WASHINGTON — The Senate voted Thursday to repeal tax credits for producing ethanol, a vote that budget cutters hope will demonstrate a growing appetite in Congress to end special-interest tax breaks to help reduce government borrowing.
The Senate voted 73-27 to repeal the $5 billion annual subsidies, just two days after rejecting an identical measure. The tax credits provide 45 cents a gallon to oil refiners who mix gasoline with ethanol, a renewable, liquid fuel additive that comes mainly from U.S. corn.
The measure will now be added to a bill renewing a federal economic development program. The prospects for the overall bill are uncertain, but Thursday's vote clearly endangers the ethanol tax credits, which would expire at the end of the year anyway, unless Congress renews them.
The measure passed Thursday would end the tax credits immediately. It would also repeal a 54-cents-a-gallon tariff on imported ethanol, which restricts imports, mainly from Brazil.
"The best way for ethanol to survive is to stand on its own two feet, without spending something we don't have to get something we're going to have anyway," said Sen. Tom Coburn, R-Okla.
In a sign that some ethanol subsidies are likely to endure, the Senate also voted 59-41 to reject a measure that would have eliminated a government program that supports the distribution of ethanol. The House had passed a similar measure earlier in the day, by a vote of 283-128, adding it to an agriculture spending bill.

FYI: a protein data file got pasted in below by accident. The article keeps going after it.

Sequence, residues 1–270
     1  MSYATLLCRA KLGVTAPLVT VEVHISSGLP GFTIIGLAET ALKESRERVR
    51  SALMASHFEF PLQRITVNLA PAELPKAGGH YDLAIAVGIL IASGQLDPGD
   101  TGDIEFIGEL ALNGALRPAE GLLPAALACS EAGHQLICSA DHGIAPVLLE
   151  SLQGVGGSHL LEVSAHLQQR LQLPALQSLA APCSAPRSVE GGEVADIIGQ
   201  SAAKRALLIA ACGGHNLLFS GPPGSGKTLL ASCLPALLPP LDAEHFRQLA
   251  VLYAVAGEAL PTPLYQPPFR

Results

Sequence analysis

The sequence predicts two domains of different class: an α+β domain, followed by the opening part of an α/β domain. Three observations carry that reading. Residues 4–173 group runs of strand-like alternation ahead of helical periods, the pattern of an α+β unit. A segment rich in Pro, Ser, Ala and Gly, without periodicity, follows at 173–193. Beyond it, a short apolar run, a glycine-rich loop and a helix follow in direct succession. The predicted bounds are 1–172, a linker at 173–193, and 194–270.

The debate played out as the White House and congressional leaders continued to negotiate spending cuts to help reign in government red ink. Thursday's vote will almost certainly make repealing the ethanol tax credits part of those discussions.
The federal government, which borrows about 40 cents of every dollar it spends, has already hit the legal borrowing limit of $14.3 trillion. Treasury Secretary Timothy Geithner has warned Congress that the U.S. risks an unprecedented default on Treasury bonds if the borrowing limit isn't increased by Aug. 2. However, a growing number of lawmakers say they won't vote to increase the borrowing limit without substantial deficit reduction.
Many Republicans have ruled out tax increases, though some have said they would support ending narrowly tailored tax breaks such as the ethanol tax credits.
The Obama administration opposed both ethanol measures.
"The administration supports efforts currently under way in the Senate to reform and modernize tax incentives and other programs that support biofuels," Agriculture Secretary Tom Vilsack said in a statement. "However, today's amendments are not reforms and are ill advised. They could lead to job loss and pull the rug out from under industry, which will lead to less choice for consumers and greater dependence on foreign oil."
Critics say ethanol subsidies are no longer needed for an industry that is already supported by a mandate from Congress that requires refiners to blend 36 billion gallons of biofuels into auto fuel by 2022. They also say the subsidies drive up corn prices.
"A tax break from ethanol is a gift to the oil companies and grain producers, a gift that actually harms American consumers and our environment," said Sen. Ben Cardin, D-Md.
Supporters of continued federal spending for ethanol argue it is a leading source of alternative fuel that helps reduce U.S. dependence on foreign oil.